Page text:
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List Entry Summary

This building is listed under the Planning (Listed Buildings and Conservation Areas) Act 1990 as amended for its special architectural or historic interest.


List entry Number: 1273838



The building may lie within the boundary of more than one authority.


District: Shropshire

District Type: Unitary Authority

Parish: Donington

National Park: Not applicable to this List entry.

Grade: II*

Date first listed: 26-Sep-1984

Date of most recent amendment: Not applicable to this List entry.

Legacy System Information

The contents of this record have been generated from a legacy data system.

Legacy System: LBS

UID: 416983

Asset Groupings

This list entry does not comprise part of an Asset Grouping. Asset Groupings are not part of the official record but are added later for information.

List entry Description

Summary of Building

Legacy Record - This information may be included in the List Entry Details.

Reasons for Designation

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Legacy Record - This information may be included in the List Entry Details.


SJ 80 SW DONINGTON C.P. RECTORY ROAD (east side) 6/75 Church of St. Cuthbert -

G.V. II*

Parish church. Early C14 chancel, nave c.1635; west tower (on site of C15 tower), north aisle and south porch added by John Norton in the restoration of 1879-80. Red sandstone ashlar (coursed rubble to chancel), plain tiled roofs. Tower, 3 stages, plinth with diagonal buttresses, hexagonal stair turret in angle to north aisle, lancets on ground and first floor stages, cusped 2 light Decorated style windows under hood- moulds to belfry; embattled parapet with 4 winged gargoyles, quatrefoil frieze below, brass weathercock. Nave, plinth and buttresses, 3 elementary 2-light Perpendicular windows under hoodmoulds probably of c.1630-40; pointed south doorway and porch, timber with bargeboards on sandstone walls,1879-80; at the east end are the foundations of what was probably a small transept, taken down when the nave was rebuilt in 1635. North aisle, steeply pitched roof, 4 paired lancets to north wall and single lancets to east and west. Chancel, stepped chamfered plinth and angle buttresses to east wall; intersecting tracery to east window (c.1300), other windows also contemporary, 2 cusped lights with spherical triangles above, all have hoodmoulds of scroll type with crudely carved faces as label stops, the west window in the south wall also has a transom and low-side window beneath (see the partly restored stone work for securing the bolt of the shutter inside); priest's door, double chamfered pointed arch, again with hoodmould and crudely carved faces as label stops. A stone bowl (possibly a medieval font) with carved leaf decoration is situated by the buttress at the east end of the nave. Interior. North aisle arcade of 4 bays, octagonal capitals with heads in the spandrels, paired lancets in the north wall with detached columns in imitation of Early English style. Pointed tower arch c.1880; magnificent double hammer beam roof with wind braces and grotesque heads to the highly decorated carved wall post brackets, inscription on tie beam at west end "Thomas Brigg, Carpenter 1635". Chancel arch with stiff leaf foliage carving on the capitals, 1879, low stone screen with cast iron rail, 1897; the trussed rafter roof to the chancel is probably medieval; restored early C14 piscina with credence shelf, aumbry on north side has C19 brass hinged wooden door; stained glass in east window 1885; fragments of medieval (C15?) glass in east window of north wall and, in the window to the west, the fine C14 glass includes figures of the Virgin and Christ, probably from a Coronation of the Virgin, also armorial shields. Font, pulpit and all the fittings are late C19 except the Perpendicular bench ends in the north aisle; a board (set up in 1746) recording the parish charities hangs on the north aisle wall and over the tower arch are the Royal Coat of Arms (George III). Monuments. Brass plate on south chancel wall to John Chapman (died 1607); alabaster cartouche commemorating Edmund and Richard Waring (latter died 1676) and a polished stone slab to 2 infant daughters (died 1650 and 1653) of Ferrers Fowke of Brewood on the west wall of the nave. Probably.founded between 1085 and 1094 by Roger de Montgomery, the advowson of the church belonged to Shrewsbury Abbey until the Dissolution. Pevsner, B.O.E. p.12'2; Cranage VQI,I, pp.20-21.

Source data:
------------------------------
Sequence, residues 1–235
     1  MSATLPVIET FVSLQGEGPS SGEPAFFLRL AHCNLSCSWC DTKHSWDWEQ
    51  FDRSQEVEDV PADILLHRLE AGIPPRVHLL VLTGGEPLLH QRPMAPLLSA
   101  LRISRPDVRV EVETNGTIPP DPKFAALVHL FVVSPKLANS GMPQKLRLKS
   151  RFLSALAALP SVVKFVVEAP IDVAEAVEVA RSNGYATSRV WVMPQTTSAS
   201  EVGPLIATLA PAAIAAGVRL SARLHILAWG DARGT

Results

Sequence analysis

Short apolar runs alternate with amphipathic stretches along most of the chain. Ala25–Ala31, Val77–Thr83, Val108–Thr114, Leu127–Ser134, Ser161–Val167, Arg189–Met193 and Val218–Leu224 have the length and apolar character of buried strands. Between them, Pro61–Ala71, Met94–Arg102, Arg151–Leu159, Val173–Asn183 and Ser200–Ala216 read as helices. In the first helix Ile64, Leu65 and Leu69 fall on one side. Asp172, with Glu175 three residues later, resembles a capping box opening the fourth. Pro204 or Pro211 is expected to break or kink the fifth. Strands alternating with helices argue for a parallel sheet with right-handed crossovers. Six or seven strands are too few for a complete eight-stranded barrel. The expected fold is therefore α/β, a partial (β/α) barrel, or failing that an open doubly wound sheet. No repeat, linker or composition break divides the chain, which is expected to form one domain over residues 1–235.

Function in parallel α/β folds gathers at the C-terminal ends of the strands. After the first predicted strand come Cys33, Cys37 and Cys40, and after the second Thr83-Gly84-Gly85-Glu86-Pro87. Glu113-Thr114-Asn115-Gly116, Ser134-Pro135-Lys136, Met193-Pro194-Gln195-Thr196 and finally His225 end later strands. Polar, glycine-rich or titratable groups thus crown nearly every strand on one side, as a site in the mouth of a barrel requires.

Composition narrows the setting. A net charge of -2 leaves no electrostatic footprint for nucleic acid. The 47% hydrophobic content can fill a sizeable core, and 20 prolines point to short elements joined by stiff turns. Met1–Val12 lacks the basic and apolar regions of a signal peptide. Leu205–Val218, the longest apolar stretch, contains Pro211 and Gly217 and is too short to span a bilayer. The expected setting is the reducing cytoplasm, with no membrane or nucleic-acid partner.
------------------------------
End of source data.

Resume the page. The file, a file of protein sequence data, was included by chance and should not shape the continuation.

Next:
Listing NGR: SJ8088304654

Selected Sources

Legacy Record - This information may be included in the List Entry Details

National Grid Reference: SJ 80883 04654


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End of official listing